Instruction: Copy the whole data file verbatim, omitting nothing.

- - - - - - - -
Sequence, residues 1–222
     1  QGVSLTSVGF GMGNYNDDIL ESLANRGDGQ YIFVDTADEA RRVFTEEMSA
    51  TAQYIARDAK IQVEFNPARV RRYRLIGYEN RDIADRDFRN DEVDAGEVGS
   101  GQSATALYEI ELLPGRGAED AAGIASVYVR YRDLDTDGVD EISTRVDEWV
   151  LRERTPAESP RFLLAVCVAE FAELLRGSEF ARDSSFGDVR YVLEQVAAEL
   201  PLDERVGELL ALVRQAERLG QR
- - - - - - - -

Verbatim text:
Sequence, residues 1–222
     1  QGVSLTSVGF GMGNYNDDIL ESLANRGDGQ YIFVDTADEA RRVFTEEMSA
    51  TAQYIARDAK IQVEFNPARV RRYRLIGYEN RDIADRDFRN DEVDAGEVGS
   101  GQSATALYEI ELLPGRGAED AAGIASVYVR YRDLDTDGVD EISTRVDEWV
   151  LRERTPAESP RFLLAVCVAE FAELLRGSEF ARDSSFGDVR YVLEQVAAEL
   201  PLDERVGELL ALVRQAERLG QR